In Pro­duc­tion

Animation Magazine - - Tv -

Philip Ein­stein Lip­ski, Amalie Naesby Fick & Jo­er­gen Ler­dam, 82 mins., 3D com­puter, Nordisk Film Pro­duc­tion (Den­mark), Ein­stein Film (Den­mark) & A. Film (Den­mark) The Lit­tle Vam­pire, Karsten Ki­ilerich & Richard Claus, 82 mins., 3D com­puter, stereo­scopic 3D, First Look (Nether­lands), Comet Film (Ger­many) & A. Film Pro­duc­tion (Den­mark) Zom­bil­le­nium, Arthur de Pins & Alexis Du­cord, 74 mins., 3D com­puter, stereo­scopic 3D, Maybe Movies (France) & Belvi­sion (Bel­gium) Zooks, Kristoff & Dim­itri Leue, 90 mins., 2D com­puter, 3D com­puter, cross-me­dia con­cept, Potemkino (Bel­gium), SANCTA (Bel­gium) & The Fridge (Bel­gium)

Preschool The Wind in the Reeds, Ar­naud De­muynck & Ni­co­las Liguori, 65 mins., 2D com­puter, La Boîte...Pro­duc­tions (Bel­gium), Nadasdy Film (Switzer­land) & Les Films du Nord (France)

Young Adults & Adults Bom­bay Rose, Gi­tan­jali Rao, 90 mins., 2D com­puter, draw­ing, Les Films d’Ici (France) & Cines­taan In­ter­na­tional (United King­dom) The Tower, Mats Grorud, 75 mins., 2D com­puter, stop-mo­tion, (Nor­way), Les Contes Modernes (France) & Ci­nenic Film (Sweden) con­cept, Lu­pus Films (United King­dom) & Melu­sine Pro­duc­tions (Lux­em­bourg) Ben­jamin Ren­ner & Pa­trick Im­bert, 78 mins., 2D com­puter, Fo­li­vari (France), Stu­dioCanal (France) & Panique! (Bel­gium) [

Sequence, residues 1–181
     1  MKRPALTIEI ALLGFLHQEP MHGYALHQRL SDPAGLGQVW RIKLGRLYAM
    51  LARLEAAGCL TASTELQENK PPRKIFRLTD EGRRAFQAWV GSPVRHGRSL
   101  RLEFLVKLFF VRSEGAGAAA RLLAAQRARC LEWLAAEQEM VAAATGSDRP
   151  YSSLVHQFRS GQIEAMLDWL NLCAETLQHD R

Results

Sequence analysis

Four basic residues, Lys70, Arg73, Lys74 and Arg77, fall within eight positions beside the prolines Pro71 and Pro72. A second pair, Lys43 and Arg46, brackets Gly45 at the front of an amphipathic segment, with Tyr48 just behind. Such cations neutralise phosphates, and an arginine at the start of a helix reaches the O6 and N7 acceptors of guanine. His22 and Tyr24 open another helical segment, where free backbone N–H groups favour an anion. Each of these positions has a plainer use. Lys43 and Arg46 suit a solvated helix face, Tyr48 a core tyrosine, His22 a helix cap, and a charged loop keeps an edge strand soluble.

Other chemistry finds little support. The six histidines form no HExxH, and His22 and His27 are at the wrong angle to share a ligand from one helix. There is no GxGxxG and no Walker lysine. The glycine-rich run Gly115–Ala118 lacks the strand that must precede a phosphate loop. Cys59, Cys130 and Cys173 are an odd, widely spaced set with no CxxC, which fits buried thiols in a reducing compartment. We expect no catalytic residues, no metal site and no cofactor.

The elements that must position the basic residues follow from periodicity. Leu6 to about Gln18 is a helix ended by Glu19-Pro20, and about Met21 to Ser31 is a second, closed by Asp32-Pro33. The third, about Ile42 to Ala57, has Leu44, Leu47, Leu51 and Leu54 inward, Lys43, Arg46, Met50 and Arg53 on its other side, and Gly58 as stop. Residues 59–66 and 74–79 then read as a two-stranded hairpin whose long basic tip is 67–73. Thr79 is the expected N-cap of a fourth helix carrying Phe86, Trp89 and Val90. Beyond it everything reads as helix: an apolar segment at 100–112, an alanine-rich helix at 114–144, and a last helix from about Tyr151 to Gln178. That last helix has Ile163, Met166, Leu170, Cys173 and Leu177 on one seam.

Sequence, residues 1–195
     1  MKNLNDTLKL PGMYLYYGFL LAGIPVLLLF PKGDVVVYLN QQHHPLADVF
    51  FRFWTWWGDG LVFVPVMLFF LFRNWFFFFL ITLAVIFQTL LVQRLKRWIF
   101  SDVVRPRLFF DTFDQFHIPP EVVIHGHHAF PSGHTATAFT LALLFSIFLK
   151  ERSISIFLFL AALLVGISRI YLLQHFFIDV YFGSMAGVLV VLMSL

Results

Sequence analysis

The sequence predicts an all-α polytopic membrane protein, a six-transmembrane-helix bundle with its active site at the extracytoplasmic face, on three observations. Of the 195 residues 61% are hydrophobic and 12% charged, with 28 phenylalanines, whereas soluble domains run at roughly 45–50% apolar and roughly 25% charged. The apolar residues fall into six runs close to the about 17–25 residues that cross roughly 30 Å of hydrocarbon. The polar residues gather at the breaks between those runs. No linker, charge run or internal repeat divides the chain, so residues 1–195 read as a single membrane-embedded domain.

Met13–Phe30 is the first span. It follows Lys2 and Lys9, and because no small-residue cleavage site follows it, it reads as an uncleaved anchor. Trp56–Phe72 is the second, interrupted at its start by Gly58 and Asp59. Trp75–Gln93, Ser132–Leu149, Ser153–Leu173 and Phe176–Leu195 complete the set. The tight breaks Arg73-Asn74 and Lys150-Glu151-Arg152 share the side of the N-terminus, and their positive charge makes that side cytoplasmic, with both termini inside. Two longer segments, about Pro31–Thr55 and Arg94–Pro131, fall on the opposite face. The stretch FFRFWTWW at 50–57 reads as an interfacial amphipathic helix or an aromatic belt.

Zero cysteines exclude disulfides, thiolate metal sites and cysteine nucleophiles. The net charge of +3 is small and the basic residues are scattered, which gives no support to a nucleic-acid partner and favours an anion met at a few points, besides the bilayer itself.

There’s noth­ing quite like hav­ing a front-row seat to his­tory be­ing made. That’s what it feels like look­ing back through the pages of An­i­ma­tion Mag­a­zine from 1993 through 1995, as we con­tinue our 30th an­niver­sary ret­ro­spec­tive.

It was a pe­riod where an­i­mated con­tent for all ages was ex­plod­ing in pop­u­lar­ity on tele­vi­sion, fea­ture an­i­ma­tion was still rid­ing the up­swing of the Dis­ney Re­nais­sance, re­sult­ing in one of the medium’s most-pop­u­lar and beloved fea­tures; and tech­nol­ogy con­tin­ued to trans­form pro­duc­tion, with ma­jor ad­vances be­ing made al­most daily.

Com­puter an­i­ma­tion be­came re­al­ity in these years, with the first is­sue of 1993 in­clud­ing a “Who’s Who in Com­puter An­i­ma­tion,” as well as a cover tease for an ar­ti­cle on the CGI “mas­ter­piece” mu­sic video for Peter Gabriel’s tune “Steam.” This is­sue also fea­tured a col­lec­tor sup­ple­ment, a fea­ture than ran for a short time in the mag­a­zine spot­light­ing an­i­ma­tion art and col­lectibles.

The sum­mer is­sue in­cluded a look at the dig­i­tal rev­o­lu­tion in post pro­duc­tion, while the au­tumn tome from that year fea­tured on the cover Mar­garet Loesch and the hits of the Fox Chil­dren’s Net­work, which had bro­ken out with such pop­u­lar shows as X-Men, Tiny Toon Ad­ven­tures, Where on Earth Is Car­men Sandiego and Bat­man: The An­i­mated Se­ries. It also in­cluded a con­tro­ver­sial view­point from Ren & Stimpy cre­ator John Kric­falusi, a fea­ture that re­curred as a col­umn.

The fi­nal is­sue of 1993, per­haps more than any other, put its finger on the cre­ative pulse of an­i­ma­tion at the time, fea­tur­ing ev­ery­one’s fa­vorite mo­ronic head bangers Beavis & Butt-head as part of a look at out­ra­geous an­i­ma­tion.

That also was the end of the prac­tice of putting an­i­ma­tion cre­atives or ex­ec­u­tives on the cover, of­ten in­ter­act­ing with their cre­ations. From 1994 on, the mag­a­zine’s cov­ers be­gan to fo­cus more di­rectly on high-qual­ity art­work from an­i­ma­tion projects, play­ing to one of the art-

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